He was the third of four boys raised by a pair of government officials who later settled in Chengdu, the capital of central Sichuan province.

Like many of today's leading contemporary artists, he was also a child of the country's brutal Cultural Revolution, a period of social and political madness that lasted from 1966 to 1976.This was a period when schools were closed, a time of political beatings and mass demonstrations to denounce "capitalist pigs" and "counter-revolutionaries."

In the city of Chengdu, political hysteria set in. Zhang's parents, like so many people whose party loyalties were questioned during the time, came under fire and later spent three years in a study camp."Almost every night during the Cultural Revolution," he recalls, "people came to our house and asked my mother and father what they did wrong. They would be questioned. So I knew something was wrong."

By then, he had already found his calling. He began drawing at the age of four, he says, after his mother bought him a drawing set and painting materials in order to keep him busy at home.

He drew comic book pictures and scenes from battles with the Japanese "aggressors." He created picture books and even began copying the big political posters that went up during the Cultural Revolution.

In the mid 1970s, like so many youths, he was sent to the countryside to be "re-educated" by working with peasants.

Then, all of a sudden, Mao died and the Cultural Revolution came to a close. College entrance exams were reinstated in 1977. And Zhang decided to study art.

 

III. Sichuan Academy of Art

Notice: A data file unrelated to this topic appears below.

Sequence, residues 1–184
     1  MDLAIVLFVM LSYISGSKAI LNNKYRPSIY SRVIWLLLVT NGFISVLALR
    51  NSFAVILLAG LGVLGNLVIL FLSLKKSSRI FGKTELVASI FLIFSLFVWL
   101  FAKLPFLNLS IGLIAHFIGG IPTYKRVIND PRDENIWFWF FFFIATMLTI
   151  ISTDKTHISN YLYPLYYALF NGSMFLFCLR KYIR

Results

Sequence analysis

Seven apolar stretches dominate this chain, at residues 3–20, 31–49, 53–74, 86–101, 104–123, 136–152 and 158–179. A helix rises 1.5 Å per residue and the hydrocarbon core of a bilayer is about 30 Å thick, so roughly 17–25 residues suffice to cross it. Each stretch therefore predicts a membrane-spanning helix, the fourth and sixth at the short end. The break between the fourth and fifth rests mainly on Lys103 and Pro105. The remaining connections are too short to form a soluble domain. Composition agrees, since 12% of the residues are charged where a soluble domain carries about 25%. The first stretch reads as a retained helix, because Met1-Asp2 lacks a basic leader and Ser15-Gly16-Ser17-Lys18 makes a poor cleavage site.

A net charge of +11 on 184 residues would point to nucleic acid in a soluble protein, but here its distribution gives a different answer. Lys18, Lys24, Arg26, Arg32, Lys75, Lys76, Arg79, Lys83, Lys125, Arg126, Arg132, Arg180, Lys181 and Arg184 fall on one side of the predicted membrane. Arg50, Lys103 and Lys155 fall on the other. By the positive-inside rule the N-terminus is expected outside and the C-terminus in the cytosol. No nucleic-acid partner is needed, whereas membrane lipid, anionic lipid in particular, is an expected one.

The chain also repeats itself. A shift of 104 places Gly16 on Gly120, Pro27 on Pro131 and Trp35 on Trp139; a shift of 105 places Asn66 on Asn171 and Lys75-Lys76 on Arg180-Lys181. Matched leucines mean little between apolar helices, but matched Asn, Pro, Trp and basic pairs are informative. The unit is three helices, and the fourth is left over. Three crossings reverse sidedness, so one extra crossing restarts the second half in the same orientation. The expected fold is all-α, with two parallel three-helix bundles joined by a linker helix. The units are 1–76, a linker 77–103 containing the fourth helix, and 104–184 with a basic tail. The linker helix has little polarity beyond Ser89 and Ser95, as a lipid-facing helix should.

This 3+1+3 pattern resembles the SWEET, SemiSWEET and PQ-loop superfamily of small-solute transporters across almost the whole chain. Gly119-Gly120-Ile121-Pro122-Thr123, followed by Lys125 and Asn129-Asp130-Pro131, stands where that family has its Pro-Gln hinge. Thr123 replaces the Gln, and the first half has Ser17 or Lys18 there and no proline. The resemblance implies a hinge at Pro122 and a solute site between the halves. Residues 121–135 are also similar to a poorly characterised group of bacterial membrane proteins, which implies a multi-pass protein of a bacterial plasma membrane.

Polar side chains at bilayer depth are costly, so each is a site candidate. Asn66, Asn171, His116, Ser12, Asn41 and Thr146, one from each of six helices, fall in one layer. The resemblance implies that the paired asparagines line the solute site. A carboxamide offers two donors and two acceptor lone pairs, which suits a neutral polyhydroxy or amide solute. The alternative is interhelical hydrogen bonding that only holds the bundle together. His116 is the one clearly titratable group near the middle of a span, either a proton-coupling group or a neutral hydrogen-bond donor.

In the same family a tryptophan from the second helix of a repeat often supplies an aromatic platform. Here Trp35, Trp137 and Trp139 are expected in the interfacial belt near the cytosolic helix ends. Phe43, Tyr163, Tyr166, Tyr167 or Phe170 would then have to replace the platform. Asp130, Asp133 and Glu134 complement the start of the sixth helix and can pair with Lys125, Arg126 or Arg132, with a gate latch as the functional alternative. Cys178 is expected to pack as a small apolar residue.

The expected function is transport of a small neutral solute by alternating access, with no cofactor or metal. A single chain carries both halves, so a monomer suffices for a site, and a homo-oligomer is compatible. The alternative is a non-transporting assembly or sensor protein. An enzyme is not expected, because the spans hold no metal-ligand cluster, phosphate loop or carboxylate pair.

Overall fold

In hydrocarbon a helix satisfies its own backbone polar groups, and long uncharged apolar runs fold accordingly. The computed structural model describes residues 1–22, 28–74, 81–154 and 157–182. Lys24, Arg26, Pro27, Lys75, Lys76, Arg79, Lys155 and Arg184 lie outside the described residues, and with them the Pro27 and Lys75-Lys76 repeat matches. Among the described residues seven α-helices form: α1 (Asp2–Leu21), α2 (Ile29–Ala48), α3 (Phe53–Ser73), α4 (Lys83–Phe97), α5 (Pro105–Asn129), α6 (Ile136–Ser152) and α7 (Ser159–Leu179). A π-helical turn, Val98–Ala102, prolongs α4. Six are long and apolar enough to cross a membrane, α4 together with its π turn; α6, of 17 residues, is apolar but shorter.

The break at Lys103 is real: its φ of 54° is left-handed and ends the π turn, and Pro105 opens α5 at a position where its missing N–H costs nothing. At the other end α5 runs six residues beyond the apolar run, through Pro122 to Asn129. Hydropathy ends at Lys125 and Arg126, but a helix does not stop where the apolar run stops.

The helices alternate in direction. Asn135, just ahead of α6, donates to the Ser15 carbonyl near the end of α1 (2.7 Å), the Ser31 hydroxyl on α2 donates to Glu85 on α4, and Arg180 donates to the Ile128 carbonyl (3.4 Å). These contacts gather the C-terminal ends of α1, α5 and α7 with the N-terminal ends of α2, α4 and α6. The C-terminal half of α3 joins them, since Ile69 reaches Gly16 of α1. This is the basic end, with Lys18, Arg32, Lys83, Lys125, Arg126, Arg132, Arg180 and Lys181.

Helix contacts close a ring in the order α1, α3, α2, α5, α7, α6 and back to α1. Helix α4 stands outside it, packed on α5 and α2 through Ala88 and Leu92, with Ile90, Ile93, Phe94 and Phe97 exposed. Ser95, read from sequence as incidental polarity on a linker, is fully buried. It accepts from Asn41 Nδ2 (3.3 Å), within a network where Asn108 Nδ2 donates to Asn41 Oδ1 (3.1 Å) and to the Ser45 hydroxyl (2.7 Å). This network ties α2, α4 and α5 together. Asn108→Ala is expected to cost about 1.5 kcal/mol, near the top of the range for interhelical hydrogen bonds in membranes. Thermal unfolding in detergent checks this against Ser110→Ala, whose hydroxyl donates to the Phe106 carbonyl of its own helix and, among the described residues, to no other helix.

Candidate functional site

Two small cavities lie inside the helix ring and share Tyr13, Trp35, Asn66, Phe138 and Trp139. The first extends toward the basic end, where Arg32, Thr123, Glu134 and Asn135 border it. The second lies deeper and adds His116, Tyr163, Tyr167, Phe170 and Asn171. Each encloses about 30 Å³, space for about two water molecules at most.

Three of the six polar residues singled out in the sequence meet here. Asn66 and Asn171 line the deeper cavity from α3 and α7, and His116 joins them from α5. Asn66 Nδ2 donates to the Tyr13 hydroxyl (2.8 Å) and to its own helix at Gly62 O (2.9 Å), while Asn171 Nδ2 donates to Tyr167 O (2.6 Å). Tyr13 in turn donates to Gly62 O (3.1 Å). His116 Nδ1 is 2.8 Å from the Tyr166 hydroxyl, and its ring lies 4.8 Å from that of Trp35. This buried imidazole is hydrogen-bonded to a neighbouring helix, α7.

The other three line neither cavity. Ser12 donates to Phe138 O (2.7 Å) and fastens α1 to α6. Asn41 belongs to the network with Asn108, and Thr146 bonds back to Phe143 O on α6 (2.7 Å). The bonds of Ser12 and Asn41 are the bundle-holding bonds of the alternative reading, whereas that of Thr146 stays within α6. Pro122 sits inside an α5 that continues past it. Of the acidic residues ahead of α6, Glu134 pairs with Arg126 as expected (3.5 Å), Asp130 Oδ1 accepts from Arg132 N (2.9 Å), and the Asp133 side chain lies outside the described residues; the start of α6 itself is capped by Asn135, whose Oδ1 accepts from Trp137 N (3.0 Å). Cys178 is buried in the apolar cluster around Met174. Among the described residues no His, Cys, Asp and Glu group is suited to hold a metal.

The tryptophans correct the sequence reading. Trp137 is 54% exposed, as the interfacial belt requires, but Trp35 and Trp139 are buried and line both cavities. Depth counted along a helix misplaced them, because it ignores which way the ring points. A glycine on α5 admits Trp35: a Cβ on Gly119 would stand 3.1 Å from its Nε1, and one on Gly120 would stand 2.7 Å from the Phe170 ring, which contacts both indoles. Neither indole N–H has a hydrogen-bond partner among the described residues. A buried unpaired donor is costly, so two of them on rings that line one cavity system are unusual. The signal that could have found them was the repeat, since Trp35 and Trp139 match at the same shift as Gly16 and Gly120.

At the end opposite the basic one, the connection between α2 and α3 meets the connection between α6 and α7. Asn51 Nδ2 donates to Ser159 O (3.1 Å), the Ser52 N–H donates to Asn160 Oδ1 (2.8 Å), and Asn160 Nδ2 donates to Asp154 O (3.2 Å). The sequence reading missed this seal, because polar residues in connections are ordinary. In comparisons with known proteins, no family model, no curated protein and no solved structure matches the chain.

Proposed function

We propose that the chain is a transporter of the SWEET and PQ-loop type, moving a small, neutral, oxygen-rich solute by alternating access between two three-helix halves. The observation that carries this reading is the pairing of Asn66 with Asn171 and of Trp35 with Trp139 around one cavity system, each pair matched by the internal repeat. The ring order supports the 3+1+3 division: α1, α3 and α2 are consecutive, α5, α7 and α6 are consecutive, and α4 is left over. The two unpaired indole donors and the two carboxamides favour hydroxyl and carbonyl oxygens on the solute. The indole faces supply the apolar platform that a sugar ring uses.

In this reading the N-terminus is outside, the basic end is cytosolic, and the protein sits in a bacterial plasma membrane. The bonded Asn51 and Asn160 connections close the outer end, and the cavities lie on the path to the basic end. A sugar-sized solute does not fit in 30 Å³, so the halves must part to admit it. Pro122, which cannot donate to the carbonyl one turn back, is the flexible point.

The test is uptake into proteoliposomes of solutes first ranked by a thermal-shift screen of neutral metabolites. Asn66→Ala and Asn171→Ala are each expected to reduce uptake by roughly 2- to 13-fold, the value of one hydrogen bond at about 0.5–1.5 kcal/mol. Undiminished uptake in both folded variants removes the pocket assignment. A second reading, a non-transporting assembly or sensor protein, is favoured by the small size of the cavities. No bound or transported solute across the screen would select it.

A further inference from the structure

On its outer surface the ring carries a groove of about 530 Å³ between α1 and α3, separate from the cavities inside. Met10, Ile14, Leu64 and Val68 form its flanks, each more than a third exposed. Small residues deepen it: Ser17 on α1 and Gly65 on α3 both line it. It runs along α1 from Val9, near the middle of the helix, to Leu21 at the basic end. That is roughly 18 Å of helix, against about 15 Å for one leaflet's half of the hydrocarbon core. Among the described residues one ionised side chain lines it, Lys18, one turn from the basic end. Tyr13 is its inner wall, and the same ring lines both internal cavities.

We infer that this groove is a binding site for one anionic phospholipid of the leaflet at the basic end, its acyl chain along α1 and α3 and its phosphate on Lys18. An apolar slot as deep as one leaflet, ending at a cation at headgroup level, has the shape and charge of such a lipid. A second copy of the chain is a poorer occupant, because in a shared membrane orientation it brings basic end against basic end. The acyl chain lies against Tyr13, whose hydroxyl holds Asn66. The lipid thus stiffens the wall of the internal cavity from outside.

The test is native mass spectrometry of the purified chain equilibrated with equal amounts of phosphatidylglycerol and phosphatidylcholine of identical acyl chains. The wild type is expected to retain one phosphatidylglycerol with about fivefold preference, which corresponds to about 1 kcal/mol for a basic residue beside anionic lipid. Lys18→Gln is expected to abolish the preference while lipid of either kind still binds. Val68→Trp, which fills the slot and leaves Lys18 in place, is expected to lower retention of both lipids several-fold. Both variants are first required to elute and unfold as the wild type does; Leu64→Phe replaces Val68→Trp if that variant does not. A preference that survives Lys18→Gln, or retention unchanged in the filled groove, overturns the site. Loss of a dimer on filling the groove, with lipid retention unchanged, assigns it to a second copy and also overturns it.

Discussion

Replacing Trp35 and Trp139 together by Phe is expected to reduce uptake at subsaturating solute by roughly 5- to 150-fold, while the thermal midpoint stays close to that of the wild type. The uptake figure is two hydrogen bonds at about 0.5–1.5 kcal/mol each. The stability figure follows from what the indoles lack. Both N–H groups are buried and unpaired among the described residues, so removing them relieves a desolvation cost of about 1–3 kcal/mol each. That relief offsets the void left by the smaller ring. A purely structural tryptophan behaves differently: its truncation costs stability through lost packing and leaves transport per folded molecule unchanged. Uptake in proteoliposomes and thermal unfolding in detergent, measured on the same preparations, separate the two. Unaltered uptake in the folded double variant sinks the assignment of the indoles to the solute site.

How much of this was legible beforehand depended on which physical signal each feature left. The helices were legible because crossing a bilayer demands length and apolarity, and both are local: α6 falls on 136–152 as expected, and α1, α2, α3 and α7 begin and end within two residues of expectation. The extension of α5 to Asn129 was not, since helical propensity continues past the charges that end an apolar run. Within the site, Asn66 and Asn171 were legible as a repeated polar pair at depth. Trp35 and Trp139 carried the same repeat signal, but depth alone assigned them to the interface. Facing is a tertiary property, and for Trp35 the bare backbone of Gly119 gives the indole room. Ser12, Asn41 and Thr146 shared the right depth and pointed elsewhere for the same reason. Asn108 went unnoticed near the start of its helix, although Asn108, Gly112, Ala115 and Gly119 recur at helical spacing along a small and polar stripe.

In 1978, Zhang Xiaogang's artistic talents were strong enough to win him a spot at the prestigious Sichuan Academy of Art in Chongqing, where he enrolled in the oil painting department.

His classmates were a talented group that included a group of artists who are now renowned painters in China, like He Duoling, Zhou Chunya and Ye Yongqing.But Zhang says he never quite fit into the school. He started out studying Soviet style realist art but says he quickly fell in love with more modern art.

In 1979, he remembers seeing a catalogue featuring impressionist paintings from Europe. The great emotion and power behind the works appealed to him, he says, and so before long he was borrowing ideas and techniques from the works of Gaugin and Van Gogh.

The influences can be seen in some of Zhang's early works, which feature nature scenes or Tibetans living in the rolling grasslands.

His work, however, was out of step with the academy and the avant-garde art movements that were beginning to spring up all over the country.

"By the time I graduated I had become a lot different from my classmates," he says. "I felt lonely during the studies because almost no one understood me."

One early supporter, however, was Li Xianting, the art critic and editor of China Fine Arts magazine. During a special visit to the school in 1982, Li encouraged Zhang to continue along this path. Li even published some of Zhang's work in his magazine.

But disappointment came that year when Zhang failed to secure one of the school's coveted teaching posts. Instead, he was offered a job in a factory, which he rejected. It was the beginning of a long period of rejection and despair.

 

IV. Times of Despair.

Without a teaching position at the Academy, Zhang was forced to return home shortly after graduation. He says he did odd construction jobs, got part time work sketching for newspapers, and eventually found steady work doing stage and costume design for a song and dance troupe in Yunnan Province.

This was also a period of introspection. He taught himself philosophy and read Sartre. He studied the works ofDali, Van Gogh, Gaugin and Millet and he experimented with an array of painting styles. Zhang also says he fell into a depression and even contemplated suicide. He doesn't talk about the particulars of the time, but Karen Smith, the art critic, has written in her book: "Nine Lives: Birth of the Avant-Garde in the New China," that there was a broken relationship with a woman, and also family problems, including tense relations with his father and grave concerns about his mother, who suffered from schizophrenia even while he was a youth.